Ever since stumbling upon an exhibition by Amy Franceschini in San Francisco in 2007, I've wanted to talk with her about her artistic practice and, specifically, her mission to revive San Francisco's famed Victory Gardens program, which were used during the World Wars to grow food for citizens. Guest-blogging at Art:21 provided the perfect opportunity. The founder of Futurefarmers, Franceschini set out to create everything she needed to attract would-be gardeners and help them get started: seed kits, promotional propaganda posters, uniforms, and both symbolic and functional sculptures, hybrids like the "pogoshovel" and "bikebarrow" (above), which she calls "playful sculptural invitations."
An excerpt from Art:21:
Read it all.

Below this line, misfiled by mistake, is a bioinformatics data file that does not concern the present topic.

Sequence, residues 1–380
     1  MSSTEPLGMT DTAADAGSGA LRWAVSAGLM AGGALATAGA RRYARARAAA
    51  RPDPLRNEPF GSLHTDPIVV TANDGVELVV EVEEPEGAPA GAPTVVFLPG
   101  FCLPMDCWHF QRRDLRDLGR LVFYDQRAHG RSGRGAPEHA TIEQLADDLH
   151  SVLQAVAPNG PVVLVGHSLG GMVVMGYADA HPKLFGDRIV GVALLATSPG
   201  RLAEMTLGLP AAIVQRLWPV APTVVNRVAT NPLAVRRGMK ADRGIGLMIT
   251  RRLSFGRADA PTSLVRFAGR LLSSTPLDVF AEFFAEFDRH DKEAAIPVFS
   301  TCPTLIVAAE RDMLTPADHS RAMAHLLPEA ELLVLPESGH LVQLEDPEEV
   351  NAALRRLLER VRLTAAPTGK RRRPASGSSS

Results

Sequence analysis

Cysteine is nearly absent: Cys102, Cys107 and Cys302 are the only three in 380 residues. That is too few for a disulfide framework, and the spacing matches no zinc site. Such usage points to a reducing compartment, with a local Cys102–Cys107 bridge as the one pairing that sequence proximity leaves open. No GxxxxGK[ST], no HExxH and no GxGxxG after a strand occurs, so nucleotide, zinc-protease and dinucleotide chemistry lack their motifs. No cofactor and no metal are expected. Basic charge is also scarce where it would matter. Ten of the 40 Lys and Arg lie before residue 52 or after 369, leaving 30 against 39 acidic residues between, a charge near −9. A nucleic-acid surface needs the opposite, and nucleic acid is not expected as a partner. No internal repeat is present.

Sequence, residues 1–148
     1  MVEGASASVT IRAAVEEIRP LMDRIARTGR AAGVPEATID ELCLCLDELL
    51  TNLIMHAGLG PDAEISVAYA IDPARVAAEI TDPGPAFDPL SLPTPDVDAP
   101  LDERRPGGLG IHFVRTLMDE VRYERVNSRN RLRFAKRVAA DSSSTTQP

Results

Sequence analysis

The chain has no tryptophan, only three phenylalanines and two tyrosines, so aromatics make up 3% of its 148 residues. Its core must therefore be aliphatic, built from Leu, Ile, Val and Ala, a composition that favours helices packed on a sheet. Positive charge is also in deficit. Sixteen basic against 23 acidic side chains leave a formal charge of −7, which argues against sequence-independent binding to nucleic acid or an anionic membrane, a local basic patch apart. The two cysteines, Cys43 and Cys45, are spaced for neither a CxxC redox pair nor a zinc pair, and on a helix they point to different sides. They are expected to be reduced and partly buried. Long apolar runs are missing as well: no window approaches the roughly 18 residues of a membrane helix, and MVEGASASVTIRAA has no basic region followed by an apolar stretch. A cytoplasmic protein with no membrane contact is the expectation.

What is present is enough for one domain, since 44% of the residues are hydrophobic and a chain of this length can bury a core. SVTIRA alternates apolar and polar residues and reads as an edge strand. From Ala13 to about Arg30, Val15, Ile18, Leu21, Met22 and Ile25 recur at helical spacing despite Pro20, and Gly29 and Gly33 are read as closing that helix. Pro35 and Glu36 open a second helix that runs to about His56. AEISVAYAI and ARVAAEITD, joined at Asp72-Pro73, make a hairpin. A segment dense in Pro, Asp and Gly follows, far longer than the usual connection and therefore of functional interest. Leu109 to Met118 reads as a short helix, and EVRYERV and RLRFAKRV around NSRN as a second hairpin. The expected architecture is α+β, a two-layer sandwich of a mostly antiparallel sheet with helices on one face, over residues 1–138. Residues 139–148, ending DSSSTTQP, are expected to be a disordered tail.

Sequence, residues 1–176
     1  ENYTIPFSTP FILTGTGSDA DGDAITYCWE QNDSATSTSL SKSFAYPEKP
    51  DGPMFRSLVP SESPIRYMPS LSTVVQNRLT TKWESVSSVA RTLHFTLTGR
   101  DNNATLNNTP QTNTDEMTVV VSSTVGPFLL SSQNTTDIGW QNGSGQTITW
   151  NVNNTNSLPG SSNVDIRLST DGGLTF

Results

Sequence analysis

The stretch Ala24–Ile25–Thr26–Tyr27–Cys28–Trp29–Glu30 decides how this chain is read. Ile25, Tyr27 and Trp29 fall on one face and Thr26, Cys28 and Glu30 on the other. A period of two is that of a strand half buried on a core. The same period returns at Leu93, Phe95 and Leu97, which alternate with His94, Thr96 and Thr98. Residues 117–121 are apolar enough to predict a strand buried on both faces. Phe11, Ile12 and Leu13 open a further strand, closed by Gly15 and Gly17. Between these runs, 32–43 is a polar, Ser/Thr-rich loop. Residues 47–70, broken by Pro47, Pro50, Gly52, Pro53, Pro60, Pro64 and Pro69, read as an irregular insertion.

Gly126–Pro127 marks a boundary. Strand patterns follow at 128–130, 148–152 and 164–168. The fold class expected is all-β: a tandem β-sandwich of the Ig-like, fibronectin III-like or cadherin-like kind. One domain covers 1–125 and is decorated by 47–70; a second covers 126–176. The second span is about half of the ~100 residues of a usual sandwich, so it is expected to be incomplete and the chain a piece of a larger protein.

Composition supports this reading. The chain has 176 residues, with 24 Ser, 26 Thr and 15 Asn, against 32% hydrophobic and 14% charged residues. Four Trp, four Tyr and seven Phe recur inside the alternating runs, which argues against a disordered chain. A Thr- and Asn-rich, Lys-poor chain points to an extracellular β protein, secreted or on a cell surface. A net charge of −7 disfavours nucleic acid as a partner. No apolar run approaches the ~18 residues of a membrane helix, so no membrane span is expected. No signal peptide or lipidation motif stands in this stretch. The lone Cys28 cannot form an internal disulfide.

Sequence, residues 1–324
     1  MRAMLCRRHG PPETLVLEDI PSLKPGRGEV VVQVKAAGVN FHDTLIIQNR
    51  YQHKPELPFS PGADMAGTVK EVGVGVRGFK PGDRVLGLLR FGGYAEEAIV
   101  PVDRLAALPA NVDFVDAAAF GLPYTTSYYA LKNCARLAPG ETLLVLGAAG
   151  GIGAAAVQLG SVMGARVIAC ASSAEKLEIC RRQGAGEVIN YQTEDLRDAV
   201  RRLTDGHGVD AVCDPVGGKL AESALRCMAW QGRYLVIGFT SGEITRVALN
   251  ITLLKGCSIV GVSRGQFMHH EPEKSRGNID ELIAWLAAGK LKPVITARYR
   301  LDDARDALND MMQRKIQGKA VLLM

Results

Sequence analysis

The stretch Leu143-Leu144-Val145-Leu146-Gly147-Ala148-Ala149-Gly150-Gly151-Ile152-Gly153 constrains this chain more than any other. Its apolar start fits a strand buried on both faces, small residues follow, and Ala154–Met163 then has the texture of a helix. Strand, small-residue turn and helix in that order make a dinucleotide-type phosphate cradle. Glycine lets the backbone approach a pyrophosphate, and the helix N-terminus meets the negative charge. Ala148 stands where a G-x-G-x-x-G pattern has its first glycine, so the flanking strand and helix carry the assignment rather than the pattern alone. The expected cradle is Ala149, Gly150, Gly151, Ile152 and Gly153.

Wanting to welcome the broadest range of people, she struggled with what role aesthetics should play in the project. “I tried to convince myself that aesthetics could get in the way of a potent message,” she remembers. “Some people maybe would only go to the surface and not go any further. And I think in the last couple of years I’ve tried to figure out a balance. If you look at Futurefarmers’ work, the aesthetic is always very strong, and that’s been a really positive thing. But I think it can also be a negative thing where certain people only see that surface layer…Right now I’m very much like: aesthetics are really important. That’s what people respond to, it lures people in, it lures in people who maybe wouldn’t have looked at it in the first place, and if they only get to that surface level, fine. At least they got there.”
She sees objects like the pogoshovel as propaganda in sculptural form. She wanted to create a “wonderful and fantastical image —that if someone saw a bike and a wheelbarrow connected, it would make them do a double-take,” she says. “Just to provoke people through a playful image was interesting to me.” (Some of these pieces are functional, as well. When a family is selected to be part of the program, the project delivers their starter materials, fittingly, via pedal-power in a VG Trike/Wagon.)